Let's Go Back to the Bible

“I have made myself a slave to all”

Paul said this, and Timothy understood the application. In 1 Corinthians 9, Paul is defending his right to be paid for his labor in the kingdom. In this context, he mentions an often misunderstood passage.

“For though I am free from all men, I have made myself a slave to all, so that I may win more. To the Jews I became as a Jew, so that I might win Jews; to those who are under the Law, as under the Law though not being myself under the Law, so that I might win those who are under the Law; to those who are without law, as without law, though not being without the law of God but under the law of Christ, so that I might win those who are without law. To the weak I became weak, that I might win the weak; I have become all things to all men, so that I may by all means save some. I do all things for the sake of the gospel, so that I may become a fellow partaker of it” (1 Cor. 9:19-23).

Some have used the idea of “becoming all things to all men” with great liberty. Paul clearly mentions being “under the law of Christ.” He is not saying that he acted outside the boundaries of the gospel.  He is referring to doing the things he could to make his presence and speech more acceptable to these different groups. He did not want to do anything that would hinder the message of the gospel.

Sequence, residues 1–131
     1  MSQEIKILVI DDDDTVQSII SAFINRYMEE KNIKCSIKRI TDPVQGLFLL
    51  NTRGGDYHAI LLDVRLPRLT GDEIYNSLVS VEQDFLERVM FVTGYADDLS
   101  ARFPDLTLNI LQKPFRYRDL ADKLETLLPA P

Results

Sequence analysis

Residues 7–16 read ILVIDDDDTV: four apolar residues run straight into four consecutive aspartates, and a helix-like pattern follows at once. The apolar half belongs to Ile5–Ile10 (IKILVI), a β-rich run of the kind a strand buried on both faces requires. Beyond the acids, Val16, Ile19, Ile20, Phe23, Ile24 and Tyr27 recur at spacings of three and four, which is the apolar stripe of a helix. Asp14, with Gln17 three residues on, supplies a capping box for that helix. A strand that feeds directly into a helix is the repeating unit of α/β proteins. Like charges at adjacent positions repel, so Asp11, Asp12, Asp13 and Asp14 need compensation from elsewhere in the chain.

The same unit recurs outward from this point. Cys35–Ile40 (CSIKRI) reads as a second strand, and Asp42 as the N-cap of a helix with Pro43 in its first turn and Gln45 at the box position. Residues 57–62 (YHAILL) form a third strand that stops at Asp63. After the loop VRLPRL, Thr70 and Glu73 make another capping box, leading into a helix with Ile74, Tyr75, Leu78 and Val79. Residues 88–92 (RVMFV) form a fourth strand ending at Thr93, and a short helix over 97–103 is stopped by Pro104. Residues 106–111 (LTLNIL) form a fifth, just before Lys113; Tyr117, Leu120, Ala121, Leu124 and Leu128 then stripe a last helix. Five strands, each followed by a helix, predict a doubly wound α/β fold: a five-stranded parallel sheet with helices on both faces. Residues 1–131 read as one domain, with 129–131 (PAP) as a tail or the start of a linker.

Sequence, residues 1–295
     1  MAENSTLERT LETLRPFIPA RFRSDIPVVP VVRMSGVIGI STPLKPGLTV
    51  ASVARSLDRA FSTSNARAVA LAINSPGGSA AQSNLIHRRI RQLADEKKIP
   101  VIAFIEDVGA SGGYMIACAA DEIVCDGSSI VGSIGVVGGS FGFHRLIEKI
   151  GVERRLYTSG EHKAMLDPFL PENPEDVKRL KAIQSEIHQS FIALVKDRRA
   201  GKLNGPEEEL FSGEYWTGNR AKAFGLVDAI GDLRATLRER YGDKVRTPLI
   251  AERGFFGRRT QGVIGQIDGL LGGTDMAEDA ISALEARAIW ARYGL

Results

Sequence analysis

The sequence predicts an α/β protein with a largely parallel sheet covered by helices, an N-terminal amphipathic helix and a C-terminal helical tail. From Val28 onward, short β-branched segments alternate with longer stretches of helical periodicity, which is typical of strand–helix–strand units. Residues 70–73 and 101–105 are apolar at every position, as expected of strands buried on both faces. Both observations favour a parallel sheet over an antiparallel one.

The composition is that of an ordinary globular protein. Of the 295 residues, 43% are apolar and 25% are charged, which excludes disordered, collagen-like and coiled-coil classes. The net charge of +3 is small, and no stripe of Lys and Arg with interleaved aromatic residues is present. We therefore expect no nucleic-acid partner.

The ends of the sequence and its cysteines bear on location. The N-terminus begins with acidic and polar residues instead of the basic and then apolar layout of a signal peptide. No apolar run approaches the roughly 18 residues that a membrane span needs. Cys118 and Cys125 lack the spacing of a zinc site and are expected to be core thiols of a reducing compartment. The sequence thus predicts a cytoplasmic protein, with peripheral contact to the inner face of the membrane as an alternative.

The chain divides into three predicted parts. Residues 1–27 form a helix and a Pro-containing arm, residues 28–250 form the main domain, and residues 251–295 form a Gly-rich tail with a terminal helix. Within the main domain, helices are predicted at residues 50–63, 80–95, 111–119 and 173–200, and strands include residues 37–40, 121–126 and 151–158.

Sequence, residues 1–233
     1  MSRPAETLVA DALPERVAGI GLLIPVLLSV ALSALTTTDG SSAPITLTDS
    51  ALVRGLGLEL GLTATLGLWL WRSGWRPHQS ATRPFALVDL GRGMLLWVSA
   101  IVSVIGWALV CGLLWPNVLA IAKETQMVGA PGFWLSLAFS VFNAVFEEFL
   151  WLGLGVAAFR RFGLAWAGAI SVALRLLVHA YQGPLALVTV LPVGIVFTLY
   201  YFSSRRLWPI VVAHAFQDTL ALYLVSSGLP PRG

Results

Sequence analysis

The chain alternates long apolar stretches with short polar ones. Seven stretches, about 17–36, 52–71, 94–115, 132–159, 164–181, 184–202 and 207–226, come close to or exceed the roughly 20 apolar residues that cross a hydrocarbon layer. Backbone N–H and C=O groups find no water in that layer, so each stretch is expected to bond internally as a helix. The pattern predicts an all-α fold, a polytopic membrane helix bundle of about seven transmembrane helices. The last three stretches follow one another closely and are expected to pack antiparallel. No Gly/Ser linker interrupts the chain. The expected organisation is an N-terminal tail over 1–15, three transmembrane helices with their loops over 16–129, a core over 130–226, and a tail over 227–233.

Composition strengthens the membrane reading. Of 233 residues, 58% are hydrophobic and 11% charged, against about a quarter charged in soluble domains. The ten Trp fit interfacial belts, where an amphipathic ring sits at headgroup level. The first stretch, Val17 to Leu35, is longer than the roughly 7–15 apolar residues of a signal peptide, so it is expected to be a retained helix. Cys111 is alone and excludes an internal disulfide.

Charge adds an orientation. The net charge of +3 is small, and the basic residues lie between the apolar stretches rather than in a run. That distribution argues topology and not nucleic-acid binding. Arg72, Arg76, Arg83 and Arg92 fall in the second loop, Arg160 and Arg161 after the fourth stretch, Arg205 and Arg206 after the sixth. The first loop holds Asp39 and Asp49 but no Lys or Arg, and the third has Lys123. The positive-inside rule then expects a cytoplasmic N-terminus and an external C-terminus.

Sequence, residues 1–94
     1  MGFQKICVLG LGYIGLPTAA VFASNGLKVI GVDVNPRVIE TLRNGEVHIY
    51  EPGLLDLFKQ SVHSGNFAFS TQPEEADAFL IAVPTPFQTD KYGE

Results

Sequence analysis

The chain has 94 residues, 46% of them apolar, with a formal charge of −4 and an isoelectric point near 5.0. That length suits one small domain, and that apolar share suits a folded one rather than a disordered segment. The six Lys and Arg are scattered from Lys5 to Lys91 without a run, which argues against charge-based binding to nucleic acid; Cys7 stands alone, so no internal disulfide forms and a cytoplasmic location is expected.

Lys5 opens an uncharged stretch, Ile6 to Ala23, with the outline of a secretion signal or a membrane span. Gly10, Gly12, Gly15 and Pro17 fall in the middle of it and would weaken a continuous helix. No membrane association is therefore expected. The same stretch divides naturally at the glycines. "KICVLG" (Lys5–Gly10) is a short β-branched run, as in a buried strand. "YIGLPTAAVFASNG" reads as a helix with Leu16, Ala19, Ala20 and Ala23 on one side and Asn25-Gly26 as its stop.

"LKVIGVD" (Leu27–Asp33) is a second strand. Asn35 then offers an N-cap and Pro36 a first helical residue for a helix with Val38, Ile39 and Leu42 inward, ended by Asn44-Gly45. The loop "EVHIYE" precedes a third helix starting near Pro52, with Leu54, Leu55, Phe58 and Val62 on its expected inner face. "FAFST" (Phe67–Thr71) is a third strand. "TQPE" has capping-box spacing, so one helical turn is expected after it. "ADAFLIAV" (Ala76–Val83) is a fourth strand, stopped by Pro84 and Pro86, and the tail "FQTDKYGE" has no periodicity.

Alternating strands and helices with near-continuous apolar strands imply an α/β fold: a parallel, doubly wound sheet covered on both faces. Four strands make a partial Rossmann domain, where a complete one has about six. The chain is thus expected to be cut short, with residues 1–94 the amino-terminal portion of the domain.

Timothy understood this because of what happened in Acts 16:1-3. Here they were introduced to Timothy, and Paul wanted him to come with them on their journey. They know his father is a Greek, so they have Timothy circumcised before they leave. Paul said in 1 Corinthians 7:19, “Circumcision is nothing, and uncircumcision is nothing, but what matters is the keeping of the commandments of God.” Poor Timothy! What is happening in Act 16? He is becoming all things to all men. He would not have been able to enter into the Jewish synagogues or teach Jews if he was not circumcised. To the Greeks, this was a strange mutilation of the body and culturally frowned upon. He did it for the sake of the gospel.  So, the ordeal that Timothy endured was a direct application to making yourself a slave to others.

We need to consider our actions in evangelism and personal work in this light. If I could change a few things about how I present myself (WITHOUT COMPROMISING THE LAW OF CHRIST), then I might become more effective in gaining access into a particular group. It would be for the sake of the gospel. Paul is doing all he can to be able to have an opportunity to present the gospel. He has made himself a slave to others in their need for the gospel. What is misunderstood and overlooked is Paul’s devotion and humility to serve others.